Flights and Chimes and Mysterious Times by Emma Trevayne
Ages 8 to 12
"Who hasn’t imagined a new life, with new parents, in an exciting place? And a castle—definitely a castle! With chefs and maids and servants—everything you could ever want. In Flights and Chimes and Mysterious Times, written by Emma Trevayne, 10-year-old Jack gets exactly this. Unfortunately, things are not as wonderful as they may seem." Read our full review.
Mark of the Dragonfly by Jaleigh Johnson
Ages 10 and up
"Jaleigh Johnson has created a uniquely imaginative world in her first book for middle-grade readers, The Mark of the Dragonfly. Thirteen-year-old Piper is a feisty, orphaned girl who survives by discovering and restoring flying objects from meteor showers. What she doesn’t count on is finding Anna, who is being chased by a member of King Aron’s army and bears the mysterious mark of the dragonfly." Read our full review.
If your child or teen is interested in juicy mysteries,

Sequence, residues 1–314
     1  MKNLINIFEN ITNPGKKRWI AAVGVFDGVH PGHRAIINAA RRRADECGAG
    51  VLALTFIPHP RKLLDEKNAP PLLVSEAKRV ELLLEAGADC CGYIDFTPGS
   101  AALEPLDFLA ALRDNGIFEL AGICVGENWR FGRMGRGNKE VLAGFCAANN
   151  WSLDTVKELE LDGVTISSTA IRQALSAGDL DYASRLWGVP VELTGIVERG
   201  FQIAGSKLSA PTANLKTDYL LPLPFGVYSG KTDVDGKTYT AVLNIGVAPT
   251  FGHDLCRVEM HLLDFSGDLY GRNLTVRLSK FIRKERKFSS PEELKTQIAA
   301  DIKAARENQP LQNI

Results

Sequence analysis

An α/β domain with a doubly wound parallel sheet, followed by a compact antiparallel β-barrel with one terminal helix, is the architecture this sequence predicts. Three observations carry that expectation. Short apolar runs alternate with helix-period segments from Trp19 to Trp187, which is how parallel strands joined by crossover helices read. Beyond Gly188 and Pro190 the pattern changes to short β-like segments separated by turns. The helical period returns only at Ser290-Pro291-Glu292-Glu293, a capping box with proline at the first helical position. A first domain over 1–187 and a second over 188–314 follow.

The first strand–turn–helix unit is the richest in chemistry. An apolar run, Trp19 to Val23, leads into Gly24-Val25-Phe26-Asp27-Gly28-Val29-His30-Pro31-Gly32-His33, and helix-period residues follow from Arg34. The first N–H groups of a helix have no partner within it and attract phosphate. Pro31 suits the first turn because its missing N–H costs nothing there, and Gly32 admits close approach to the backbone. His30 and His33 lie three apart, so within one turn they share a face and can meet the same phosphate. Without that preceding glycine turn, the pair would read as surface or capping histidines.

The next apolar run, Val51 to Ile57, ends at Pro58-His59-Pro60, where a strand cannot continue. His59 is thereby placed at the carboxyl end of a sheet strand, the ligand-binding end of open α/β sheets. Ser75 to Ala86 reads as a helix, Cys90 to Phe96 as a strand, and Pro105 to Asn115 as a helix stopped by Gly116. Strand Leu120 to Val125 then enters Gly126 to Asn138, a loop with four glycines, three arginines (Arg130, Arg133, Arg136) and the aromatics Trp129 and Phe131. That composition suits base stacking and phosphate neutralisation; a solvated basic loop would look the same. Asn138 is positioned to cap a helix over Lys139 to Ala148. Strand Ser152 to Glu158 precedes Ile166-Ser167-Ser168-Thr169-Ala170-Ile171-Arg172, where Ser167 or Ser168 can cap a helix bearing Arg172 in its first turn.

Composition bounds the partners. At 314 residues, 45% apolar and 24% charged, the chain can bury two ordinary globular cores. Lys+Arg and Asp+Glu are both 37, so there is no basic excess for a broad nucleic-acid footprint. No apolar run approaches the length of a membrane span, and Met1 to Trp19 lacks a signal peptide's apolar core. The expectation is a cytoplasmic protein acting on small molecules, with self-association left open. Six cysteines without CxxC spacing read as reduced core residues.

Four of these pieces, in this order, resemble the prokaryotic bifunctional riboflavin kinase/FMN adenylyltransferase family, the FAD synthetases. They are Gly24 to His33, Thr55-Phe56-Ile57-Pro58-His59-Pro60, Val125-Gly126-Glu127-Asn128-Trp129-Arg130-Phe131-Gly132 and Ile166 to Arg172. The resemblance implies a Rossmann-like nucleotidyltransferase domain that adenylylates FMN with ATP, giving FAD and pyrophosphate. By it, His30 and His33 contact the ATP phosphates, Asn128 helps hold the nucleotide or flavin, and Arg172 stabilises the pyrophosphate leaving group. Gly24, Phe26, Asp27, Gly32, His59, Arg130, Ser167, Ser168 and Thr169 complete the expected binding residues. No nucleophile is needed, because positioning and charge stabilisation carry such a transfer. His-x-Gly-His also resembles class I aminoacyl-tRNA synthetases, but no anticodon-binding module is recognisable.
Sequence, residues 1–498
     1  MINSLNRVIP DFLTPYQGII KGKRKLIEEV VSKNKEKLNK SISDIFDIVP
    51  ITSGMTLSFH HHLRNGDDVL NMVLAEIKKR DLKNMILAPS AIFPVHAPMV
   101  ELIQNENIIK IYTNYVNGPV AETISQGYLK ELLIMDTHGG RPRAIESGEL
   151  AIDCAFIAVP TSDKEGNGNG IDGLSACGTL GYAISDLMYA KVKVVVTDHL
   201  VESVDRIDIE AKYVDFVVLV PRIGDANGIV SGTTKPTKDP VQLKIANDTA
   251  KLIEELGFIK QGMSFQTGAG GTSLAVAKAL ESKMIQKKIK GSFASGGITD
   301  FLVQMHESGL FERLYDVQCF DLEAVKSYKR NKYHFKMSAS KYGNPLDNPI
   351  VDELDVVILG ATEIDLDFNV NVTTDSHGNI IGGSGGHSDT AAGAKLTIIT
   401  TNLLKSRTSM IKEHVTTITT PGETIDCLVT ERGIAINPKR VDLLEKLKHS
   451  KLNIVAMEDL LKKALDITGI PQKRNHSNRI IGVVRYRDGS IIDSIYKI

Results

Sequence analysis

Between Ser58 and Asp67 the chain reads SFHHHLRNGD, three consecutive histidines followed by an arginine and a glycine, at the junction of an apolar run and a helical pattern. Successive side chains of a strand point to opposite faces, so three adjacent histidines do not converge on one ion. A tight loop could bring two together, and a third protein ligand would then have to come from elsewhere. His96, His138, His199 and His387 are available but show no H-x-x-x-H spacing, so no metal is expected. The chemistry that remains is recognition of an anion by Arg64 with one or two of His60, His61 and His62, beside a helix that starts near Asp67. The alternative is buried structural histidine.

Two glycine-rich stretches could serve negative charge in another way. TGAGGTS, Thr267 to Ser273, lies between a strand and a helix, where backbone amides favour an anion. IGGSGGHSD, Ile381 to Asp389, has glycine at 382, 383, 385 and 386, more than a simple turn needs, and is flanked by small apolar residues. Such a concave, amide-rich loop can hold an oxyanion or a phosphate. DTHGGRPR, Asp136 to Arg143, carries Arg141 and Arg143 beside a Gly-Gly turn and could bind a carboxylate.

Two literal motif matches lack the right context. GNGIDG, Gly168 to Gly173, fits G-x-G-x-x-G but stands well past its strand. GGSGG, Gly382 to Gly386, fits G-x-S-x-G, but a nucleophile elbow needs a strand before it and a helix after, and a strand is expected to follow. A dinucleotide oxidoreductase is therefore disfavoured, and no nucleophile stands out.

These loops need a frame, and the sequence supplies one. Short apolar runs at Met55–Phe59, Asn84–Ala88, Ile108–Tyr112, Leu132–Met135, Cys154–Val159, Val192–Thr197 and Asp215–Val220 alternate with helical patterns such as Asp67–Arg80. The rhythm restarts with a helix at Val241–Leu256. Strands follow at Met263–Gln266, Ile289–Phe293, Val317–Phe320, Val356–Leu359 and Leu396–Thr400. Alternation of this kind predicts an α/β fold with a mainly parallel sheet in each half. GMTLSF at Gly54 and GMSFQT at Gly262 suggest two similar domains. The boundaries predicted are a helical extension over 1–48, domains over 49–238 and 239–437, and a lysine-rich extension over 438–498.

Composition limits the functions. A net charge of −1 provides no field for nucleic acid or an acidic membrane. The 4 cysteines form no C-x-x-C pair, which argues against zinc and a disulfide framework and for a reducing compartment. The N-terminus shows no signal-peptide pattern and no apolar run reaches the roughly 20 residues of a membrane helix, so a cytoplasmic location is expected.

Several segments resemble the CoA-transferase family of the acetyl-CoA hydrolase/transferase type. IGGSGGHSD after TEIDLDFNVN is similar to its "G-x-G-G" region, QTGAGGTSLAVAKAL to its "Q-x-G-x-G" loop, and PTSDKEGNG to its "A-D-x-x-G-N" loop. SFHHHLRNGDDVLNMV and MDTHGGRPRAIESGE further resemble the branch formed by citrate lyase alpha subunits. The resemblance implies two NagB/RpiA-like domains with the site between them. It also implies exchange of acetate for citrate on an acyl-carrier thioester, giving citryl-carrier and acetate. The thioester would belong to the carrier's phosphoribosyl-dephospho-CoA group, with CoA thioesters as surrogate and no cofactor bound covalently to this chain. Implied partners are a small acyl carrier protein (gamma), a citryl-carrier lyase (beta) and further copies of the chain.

why not try . . .
Three Bird Summer by Sara St. Antoine
Ages 10 and up
"For the first time ever, it will just be Adam, his mom and his aging grandmother at their cabin on Three Bird Lake. His parents have recently divorced, and although it will be a different kind of summer, 12-year-old Adam looks forward to escaping the routine of school, sitting on the dock by himself and watching the loons." Read our full review.
Ghosts of Tupelo Landing by Sheila Turnage
Ages 10 and up
"On the heels of solving her first mystery in the Newbery Honor book Three Times Lucky, Mo LoBeau faces more intrigue in her tiny North Carolina town of Tupelo Landing. Just when her adoptive kin buy the old Tupelo Inn, now abandoned and rumored to be haunted, her sixth-grade teacher assigns an oral history report to coincide with the community’s 250th anniversary." Read our full review.